An Introduction to Bluetooth
By David Blankenbeckler
Bluetooth, the new technology named after the 10th Century Danish King Harold Bluetooth, is a hot topic among wireless developers. This article will provide an introduction to the technology.
Bluetooth was designed to allow low bandwidth wireless connections to become so simple to use that they seamlessly integrate into your daily life. A simple example of a Bluetooth application is updating the phone directory of your mobile phone. Today, you would have to either manually enter the names and phone numbers of all your contacts or use a cable or IR link between your phone and your PC and start an application to synchronize the contact information. With Bluetooth, this could all happen automatically and without any user involvement as soon as the phone comes within range of the PC! Of course, you can easily see this expanding to include your calendar, to do list, memos, email, etc.. This is just one of many exciting applications for this new technology! Can you imagine walking into a store and having all the sale items items automatically available on your cell phone or PDA? It is a definite possibility with Bluetooth.
The Bluetooth specification is an open specification that is governed by the Bluetooth Special Interest Group (SIG). The Bluetooth SIG is lead by its five founding companies and four new member companies who were added in late 1999. These nine companies form the Promoter Group of the Bluetooth SIG:
|IBM Corporation||Lucent Technologies|
|Intel Corporation||Microsoft Corporation|
More than 1200 additional companies are members of the Bluetooth SIG. The magnitude of industry involvement should ensure that Bluetooth becomes a widely adopted technology. The first Bluetooth products should begin to appear this year.
The first Bluetooth product from Ericsson is a wireless cellular phone headset to be available in Europe in mid-2000.
Click here to view this innovative product.
Bluetooth communication occurs in the unlicensed ISM band at 2.4GHz. The transceiver utilizes frequency hopping to reduce
interference and fading. A typical Bluetooth device has a range of about 10 meters. The communication channel can support
both data (asynchronous) and voice (synchronous) communications with a total bandwidth of 1 Mb/sec. The supported channel
configurations are as follows:
||Max. Data Rate Upstream
||Max. Data Rate Downstream
|3 Simultaneous Voice Channels||64 kb/sec X 3 channels||64 kb/sec X 3 channels|
|Symmetric Data||433.9 kb/sec||433.9 kb/sec|
|Asymmetric Data||723.2 kb/sec or 57.6 kb/sec||57.6 kb/sec or 723.2 kb/sec|
The synchronous voice channels are provided using circuit switching with a slot reservation at fixed intervals. A
synchronous link is referred to as an SCO (synchronous connection-oriented) link. The asynchronous data channels are
provided using packet switching utilizing a polling access scheme. An asynchronous link is referred to as an ACL
(asynchronous connection-less) link. A combined data-voice SCO packet is also defined. This can provide 64 kb/sec
voice and 64 kb/sec data in each direction.
Introducing: The Piconet!
Bluetooth devices can interact with one or more other Bluetooth devices in several different ways. The simplest scheme
is when only two devices are involved. This is referred to as point-to-point. One of the devices acts as the master and
the other as a slave. This ad-hoc network is referred to as a piconet. As a matter of fact, a piconet is
any such Bluetooth network with one master and one or more slaves. A diagram of a piconet is provided in Figure 1.
In the case of multiple slaves, the communication topology is referred to as point-to-multipoint. In this case,
the channel (and bandwidth) is shared among all the devices in the piconet. There can be up to seven active slaves
in a piconet. Each of the active slaves has an assigned 3-bit Active Member address (AM_ADDR). There can be additional
slaves which remain synchronized to the master, but do not have a Active Member address. These slaves are not active and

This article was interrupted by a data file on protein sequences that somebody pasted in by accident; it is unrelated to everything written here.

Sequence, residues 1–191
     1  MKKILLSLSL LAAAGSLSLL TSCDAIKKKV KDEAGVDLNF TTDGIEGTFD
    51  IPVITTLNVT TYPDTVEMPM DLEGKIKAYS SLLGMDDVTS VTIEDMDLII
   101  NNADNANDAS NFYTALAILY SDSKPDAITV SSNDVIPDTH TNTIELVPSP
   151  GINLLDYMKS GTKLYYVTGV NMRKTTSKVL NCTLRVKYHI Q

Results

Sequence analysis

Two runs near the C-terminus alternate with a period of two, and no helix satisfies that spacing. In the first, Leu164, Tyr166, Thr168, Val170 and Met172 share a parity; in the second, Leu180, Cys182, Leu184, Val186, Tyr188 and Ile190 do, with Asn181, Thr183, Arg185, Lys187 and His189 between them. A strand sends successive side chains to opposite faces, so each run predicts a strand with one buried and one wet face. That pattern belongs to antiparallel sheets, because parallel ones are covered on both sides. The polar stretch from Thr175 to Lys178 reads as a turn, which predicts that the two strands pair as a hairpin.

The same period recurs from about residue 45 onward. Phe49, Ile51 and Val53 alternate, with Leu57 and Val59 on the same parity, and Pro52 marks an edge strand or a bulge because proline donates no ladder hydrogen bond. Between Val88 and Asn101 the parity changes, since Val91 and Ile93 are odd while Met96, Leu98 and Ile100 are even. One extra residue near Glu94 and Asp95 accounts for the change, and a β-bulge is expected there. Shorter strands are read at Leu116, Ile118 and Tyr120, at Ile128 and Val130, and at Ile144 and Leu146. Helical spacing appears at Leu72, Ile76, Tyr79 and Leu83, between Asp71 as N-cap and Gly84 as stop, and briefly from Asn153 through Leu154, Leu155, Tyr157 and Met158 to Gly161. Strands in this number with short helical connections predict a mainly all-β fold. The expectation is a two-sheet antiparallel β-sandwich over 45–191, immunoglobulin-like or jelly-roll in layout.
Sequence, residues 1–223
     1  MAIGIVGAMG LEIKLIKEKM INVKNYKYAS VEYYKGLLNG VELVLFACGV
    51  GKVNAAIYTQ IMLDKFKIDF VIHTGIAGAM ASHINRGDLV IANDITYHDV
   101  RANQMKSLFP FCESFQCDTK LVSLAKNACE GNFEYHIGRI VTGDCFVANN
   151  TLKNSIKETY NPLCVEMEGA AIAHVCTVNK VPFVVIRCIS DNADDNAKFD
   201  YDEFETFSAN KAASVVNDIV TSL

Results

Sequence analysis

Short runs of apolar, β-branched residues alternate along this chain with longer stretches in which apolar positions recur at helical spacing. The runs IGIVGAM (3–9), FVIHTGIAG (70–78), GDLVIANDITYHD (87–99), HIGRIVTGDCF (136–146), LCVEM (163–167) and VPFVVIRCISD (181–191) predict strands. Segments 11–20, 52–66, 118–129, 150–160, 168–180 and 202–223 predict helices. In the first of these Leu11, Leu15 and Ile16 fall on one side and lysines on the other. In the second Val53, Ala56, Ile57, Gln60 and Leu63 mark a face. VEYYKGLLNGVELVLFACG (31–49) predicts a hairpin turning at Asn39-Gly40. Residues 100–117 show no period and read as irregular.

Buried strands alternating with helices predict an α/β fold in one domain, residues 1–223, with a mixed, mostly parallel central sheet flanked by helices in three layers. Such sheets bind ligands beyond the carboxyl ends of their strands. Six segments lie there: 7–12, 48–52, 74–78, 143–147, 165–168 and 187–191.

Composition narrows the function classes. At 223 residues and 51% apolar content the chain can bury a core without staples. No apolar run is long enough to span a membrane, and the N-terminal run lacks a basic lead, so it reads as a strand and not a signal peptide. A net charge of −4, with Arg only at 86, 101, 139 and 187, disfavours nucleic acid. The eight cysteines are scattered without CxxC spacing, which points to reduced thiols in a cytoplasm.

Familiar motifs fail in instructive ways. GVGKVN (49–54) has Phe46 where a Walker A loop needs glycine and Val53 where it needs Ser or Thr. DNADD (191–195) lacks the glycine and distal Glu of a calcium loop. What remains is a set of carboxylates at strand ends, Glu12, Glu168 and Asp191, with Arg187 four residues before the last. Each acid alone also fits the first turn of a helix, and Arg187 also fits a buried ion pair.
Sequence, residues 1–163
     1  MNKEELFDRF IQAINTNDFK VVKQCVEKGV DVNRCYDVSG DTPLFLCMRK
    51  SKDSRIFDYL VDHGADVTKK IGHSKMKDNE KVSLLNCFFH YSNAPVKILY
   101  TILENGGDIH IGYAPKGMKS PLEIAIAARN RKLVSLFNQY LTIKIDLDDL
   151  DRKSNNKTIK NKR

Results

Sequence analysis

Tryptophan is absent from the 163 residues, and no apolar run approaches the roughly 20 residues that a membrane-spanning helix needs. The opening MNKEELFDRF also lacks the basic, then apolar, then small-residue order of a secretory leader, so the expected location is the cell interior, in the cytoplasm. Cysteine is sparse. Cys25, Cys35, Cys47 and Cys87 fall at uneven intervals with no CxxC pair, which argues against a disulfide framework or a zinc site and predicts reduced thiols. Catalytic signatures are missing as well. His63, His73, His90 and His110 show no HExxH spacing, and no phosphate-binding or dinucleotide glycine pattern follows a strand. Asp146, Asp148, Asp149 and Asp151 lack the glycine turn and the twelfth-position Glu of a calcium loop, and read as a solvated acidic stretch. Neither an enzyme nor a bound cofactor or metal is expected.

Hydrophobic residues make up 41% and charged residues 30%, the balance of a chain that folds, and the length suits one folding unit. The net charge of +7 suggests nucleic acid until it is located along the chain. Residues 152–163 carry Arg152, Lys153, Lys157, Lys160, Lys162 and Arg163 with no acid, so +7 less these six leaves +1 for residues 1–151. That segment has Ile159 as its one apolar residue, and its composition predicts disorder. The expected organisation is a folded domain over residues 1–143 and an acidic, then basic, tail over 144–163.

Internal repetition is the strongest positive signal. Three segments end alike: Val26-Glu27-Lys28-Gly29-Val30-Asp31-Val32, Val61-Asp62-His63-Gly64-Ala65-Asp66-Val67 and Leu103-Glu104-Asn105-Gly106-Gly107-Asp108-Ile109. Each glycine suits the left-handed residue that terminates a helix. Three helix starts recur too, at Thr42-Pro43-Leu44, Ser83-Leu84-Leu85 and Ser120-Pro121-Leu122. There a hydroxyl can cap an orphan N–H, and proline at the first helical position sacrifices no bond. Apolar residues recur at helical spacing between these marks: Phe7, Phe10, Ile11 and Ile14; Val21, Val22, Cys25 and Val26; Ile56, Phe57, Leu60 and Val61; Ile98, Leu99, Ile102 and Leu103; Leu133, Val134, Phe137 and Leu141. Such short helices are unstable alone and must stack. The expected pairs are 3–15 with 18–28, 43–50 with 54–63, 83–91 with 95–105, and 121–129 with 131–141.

are referred to as parked. For the case of both active and parked units, all channel access is regulated by the master.
A parked device has an 8-bit Parked Member Address (PM_ADDR), thus limiting the number of parked members to 256. A parked
device remains synchronized to the master clock and can very quickly become active and begin communicating in the piconet.
Figure 1: A piconet
Introducing: The Scatternet!
You may be wondering what would happen if two piconets were within the same coverage area. For example, you might have a
piconet consisting of your cell phone and your PC, while the person in the neighboring cubicle has a piconet
consisting of a cell phone, headset, and business card scanner. A diagram is presented in Figure 2 below.
Figure 2: A scatternet
Because the two piconets are so close, they have overlapping coverage areas. This scenario is provided for in the
Bluetooth specification and is referred to as a scatternet. As a matter of fact, slaves in one piconet can participate
in another piconet as either a master or slave. This is accomplished through time division multiplexing. In a scatternet,
the two (or more) piconets are not synchronized in either time or frequency. Each of the piconets operates in its own
frequency hopping channel while any devices in multiple piconets participate at the appropriate time via time division
multiplexing. Returning to the example, you may want to set up your neighbor’s business card scanner to also transmit the
information that is scanned to your PC so that you will have access to his business contacts information. Of course,
this would have to be a mutually agreed upon usage. This brings us to the next topic, Bluetooth security.
Authentication and Privacy
While authentication and privacy could be handled at the software protocol layer, it is also provided in the Bluetooth
physical layer. A particular connection can be specified to require either one-way, two-way, or no authentication.
The authentication is provided using a challenge/response system. The system supports key lengths of 40 or 64 bits.
The key management is left to software layers. These security mechanisms and the associated software allow a user to
set up his or her devices to only communicate with each other. All Bluetooth devices implement this physical layer
security in the same way. Of course, for highly sensitive applications, it is also recommended that you utilize more
advanced algorithms in the network transport or application layer.
Now that you have a basic understanding of what the Bluetooth specification is and how Bluetooth devices can interact with each other, you
are probably beginning to wonder what makes all this work in terms of real hardware and software. The remainder of this
article will focus on Bluetooth hardware. We will leave a detailed software discussion for a future article.